UK government announces introduction of points-based immigration system

The government have announced that from 1 January 2021 the UK will adopt a points-based immigration system that will see EU and non-EU citizens treated equally when applying for visas. We summarise the changes below.

The new system will assign points for specific skills, qualifications, salaries and shortage occupations and those seeking entry to the UK to work will only be granted visas once they can demonstrate that they have accumulated enough points to enter.

Those wishing to enter the UK to work as a skilled worker will therefore need to demonstrate:

  • Job Offer – that they have a job offer from a Home Office approved sponsor;
  • Skill Level – that the job offer is at the required RQF 3 or above skill level (i.e. A-Level or equivalent);
  • Language – that they can speak English;
  • Minimum Salary Threshold – that they earn more than the required minimum salary threshold of £25,600 or the appropriate rate for that specific job as set by the Government; or
  • Shortage Occupation – if they cannot demonstrate that they earn more than the required minimum salary threshold but can demonstrate a salary of at least £20,480, approval may still be granted where the job offer is in a specific shortage occupation (e.g. civil engineering, medical practitioner, nurses, scientists, graphic designers etc).

For example, a graphic designer seeking to enter the UK under the new points-based system earning £23,000 per annum can expect to receive: 20 points for their job offer from a Home Office approved sponsor; 20 points for their RQF 3 qualifications; 10 points for demonstrating a good command of the English language; 0 points for failing to meet the Minimum Salary Threshold; and 20 points for working in a shortage occupation.

The 70 points that the graphic designer would accumulate would be enough for them to be awarded a work visa despite not satisfying the criteria in its entirety.

What does this mean for employers?

Employers will need to apply to the Home Office to become an approved sponsor if they wish to recruit workers from outside the UK after 1 January 2021. Until this date the current immigration rules will apply but businesses are urged to make their applications as soon as reasonably practicable to avoid any disruption or delay.

To make an application to the Home Office to become an approved sponsor, businesses will need to:

  • Eligibility – demonstrate that they do not have any unspent criminal convictions for immigration offences, fraud, money laundering and other specific crimes;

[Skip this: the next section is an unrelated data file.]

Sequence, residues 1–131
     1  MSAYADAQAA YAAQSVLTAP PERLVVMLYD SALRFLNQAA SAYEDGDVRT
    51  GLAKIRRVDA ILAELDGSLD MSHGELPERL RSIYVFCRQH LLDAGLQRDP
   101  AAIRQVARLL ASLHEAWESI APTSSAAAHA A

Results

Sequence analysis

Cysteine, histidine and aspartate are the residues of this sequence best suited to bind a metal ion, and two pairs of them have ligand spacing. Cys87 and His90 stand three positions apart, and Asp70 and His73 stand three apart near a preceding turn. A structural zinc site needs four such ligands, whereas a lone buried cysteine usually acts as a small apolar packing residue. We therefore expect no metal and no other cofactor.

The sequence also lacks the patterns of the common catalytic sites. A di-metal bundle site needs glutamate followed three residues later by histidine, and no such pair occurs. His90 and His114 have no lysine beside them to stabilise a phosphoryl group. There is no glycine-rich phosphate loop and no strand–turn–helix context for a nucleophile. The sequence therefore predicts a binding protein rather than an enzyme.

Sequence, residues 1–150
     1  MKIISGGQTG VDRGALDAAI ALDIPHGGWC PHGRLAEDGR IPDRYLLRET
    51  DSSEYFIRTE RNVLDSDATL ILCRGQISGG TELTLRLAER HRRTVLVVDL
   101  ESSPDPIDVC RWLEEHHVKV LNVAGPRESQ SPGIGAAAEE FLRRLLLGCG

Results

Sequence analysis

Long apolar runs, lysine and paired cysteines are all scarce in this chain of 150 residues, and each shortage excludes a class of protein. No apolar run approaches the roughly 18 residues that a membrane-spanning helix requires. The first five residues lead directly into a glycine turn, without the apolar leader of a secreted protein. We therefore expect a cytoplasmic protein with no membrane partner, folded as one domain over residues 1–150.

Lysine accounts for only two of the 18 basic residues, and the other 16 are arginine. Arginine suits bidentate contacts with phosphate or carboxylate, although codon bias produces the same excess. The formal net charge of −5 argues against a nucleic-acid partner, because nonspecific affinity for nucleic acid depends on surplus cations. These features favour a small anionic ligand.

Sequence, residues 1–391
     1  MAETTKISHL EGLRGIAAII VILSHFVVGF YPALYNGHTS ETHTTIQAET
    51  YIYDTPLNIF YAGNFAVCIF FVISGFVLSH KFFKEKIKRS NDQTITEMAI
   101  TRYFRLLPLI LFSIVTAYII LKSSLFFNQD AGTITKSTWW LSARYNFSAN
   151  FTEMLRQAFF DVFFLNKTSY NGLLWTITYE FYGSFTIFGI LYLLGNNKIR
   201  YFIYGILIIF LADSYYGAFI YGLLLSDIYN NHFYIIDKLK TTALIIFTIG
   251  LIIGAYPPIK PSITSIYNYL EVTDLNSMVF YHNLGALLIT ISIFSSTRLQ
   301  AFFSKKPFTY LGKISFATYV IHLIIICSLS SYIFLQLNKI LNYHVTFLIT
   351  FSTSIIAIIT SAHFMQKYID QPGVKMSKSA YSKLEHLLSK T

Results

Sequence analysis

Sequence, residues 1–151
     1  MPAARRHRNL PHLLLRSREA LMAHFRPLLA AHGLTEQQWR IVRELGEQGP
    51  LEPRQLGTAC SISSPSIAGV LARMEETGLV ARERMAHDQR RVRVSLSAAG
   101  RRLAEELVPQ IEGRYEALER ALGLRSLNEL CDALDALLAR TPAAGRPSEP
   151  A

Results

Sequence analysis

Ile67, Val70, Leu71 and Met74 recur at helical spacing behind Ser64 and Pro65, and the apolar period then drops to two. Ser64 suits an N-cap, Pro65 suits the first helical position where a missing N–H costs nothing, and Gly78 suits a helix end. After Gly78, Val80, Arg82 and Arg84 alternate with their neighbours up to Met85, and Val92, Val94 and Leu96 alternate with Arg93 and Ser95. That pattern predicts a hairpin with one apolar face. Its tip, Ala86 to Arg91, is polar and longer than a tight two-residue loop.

• Skill Level – check that the job meets the required skill level which can be done using the Standard Occupational Classification (“SOC”) code and Appendix J of the Immigration Rules;
  • Type of Licence – consider whether they need to apply for either a Tier 2 licence (skilled workers with long-term job offers) or a Tier 5 licence (skilled temporary workers);
  • Appoint – appoint specific people to manage the sponsorship process using the Sponsorship Management system (“SMS”). The roles included an Authorising Officer, a Key Contact and a User; and
  • Apply – pay a fee, the cost of which will vary depending on the type of licence being applied for and the size of the businesses.

What about those not considered “skilled workers”?

There have also been reforms in how other types of workers can obtain entry to the UK on a work visa.

  • Highly Skilled Workers – the Global Talent route currently open to non- EU citizens will be extended to EU citizens from 1 January 2021. This means that the most highly skilled workers from around the world will be able to enter the UK without a job offer providing that they have been endorsed as a recognised leader or an emerging leader in their chosen industry or that they are endorsed by the UK Research and Innovation.
  • Students – a new Graduate Immigration route will become available to international students allowing them to attend UK universities and other education institutions.
  • Other – initiatives are still being created for certain sectors such as scientists, graduates and those who wish to work in the NHS. It is expected that more specific details of these initiatives will be launched throughout 2020.

It is also noteworthy that EU citizens that are already living in the UK will be eligible to apply for a work visa under the EU Settlement Scheme and will have until 30 June 2021 to submit their application. This will mean they are omitted from the new points-based system and will have the right to remain in the UK subject to the conditions of the Scheme being met.

However Lower-Skilled Workers, being those who do not meet the skills or salary threshold for the skilled worker route identified above, will not have an immigration route open to them via work.

What should employers do now?

Employers who are expecting to seek to employ people from outside the UK are strongly urged to make an application to become a Home Office approved sponsor.

The Home Office have advised that the wait time between submitting the application and a decision being made currently stands at 8 weeks, but businesses are encouraged to apply as soon as reasonably practicable for their licence.

A failure to do so may result in lengthy delays before a business is able to offer employment to those outside of the UK or obtain visas for their top overseas talent, which could cause disruption to and missed opportunities for their business.


This information is for general information purposes only and does not constitute legal advice. It is recommended that specific professional advice is sought before acting on any of the information given. Please contact us for specific advice on your circumstances. © Shoosmiths LLP 2024.



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